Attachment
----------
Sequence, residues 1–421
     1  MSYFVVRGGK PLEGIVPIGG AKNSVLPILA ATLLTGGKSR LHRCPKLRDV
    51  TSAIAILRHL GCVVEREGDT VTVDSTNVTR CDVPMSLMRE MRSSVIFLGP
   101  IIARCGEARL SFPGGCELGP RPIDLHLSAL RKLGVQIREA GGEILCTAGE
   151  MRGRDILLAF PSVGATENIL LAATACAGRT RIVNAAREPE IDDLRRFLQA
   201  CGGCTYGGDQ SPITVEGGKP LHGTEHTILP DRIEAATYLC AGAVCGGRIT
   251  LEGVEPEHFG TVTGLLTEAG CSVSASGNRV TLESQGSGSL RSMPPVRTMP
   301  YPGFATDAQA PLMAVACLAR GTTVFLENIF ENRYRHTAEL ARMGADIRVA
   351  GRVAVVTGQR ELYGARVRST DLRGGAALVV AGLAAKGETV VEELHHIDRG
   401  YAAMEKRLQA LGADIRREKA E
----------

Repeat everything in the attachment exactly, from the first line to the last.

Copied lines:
Sequence, residues 1–421
     1  MSYFVVRGGK PLEGIVPIGG AKNSVLPILA ATLLTGGKSR LHRCPKLRDV
    51  TSAIAILRHL GCVVEREGDT VTVDSTNVTR CDVPMSLMRE MRSSVIFLGP
   101  IIARCGEARL SFPGGCELGP RPIDLHLSAL RKLGVQIREA GGEILCTAGE
   151  MRGRDILLAF PSVGATENIL LAATACAGRT RIVNAAREPE IDDLRRFLQA
   201  CGGCTYGGDQ SPITVEGGKP LHGTEHTILP DRIEAATYLC AGAVCGGRIT
   251  LEGVEPEHFG TVTGLLTEAG CSVSASGNRV TLESQGSGSL RSMPPVRTMP
   301  YPGFATDAQA PLMAVACLAR GTTVFLENIF ENRYRHTAEL ARMGADIRVA
   351  GRVAVVTGQR ELYGARVRST DLRGGAALVV AGLAAKGETV VEELHHIDRG
   401  YAAMEKRLQA LGADIRREKA E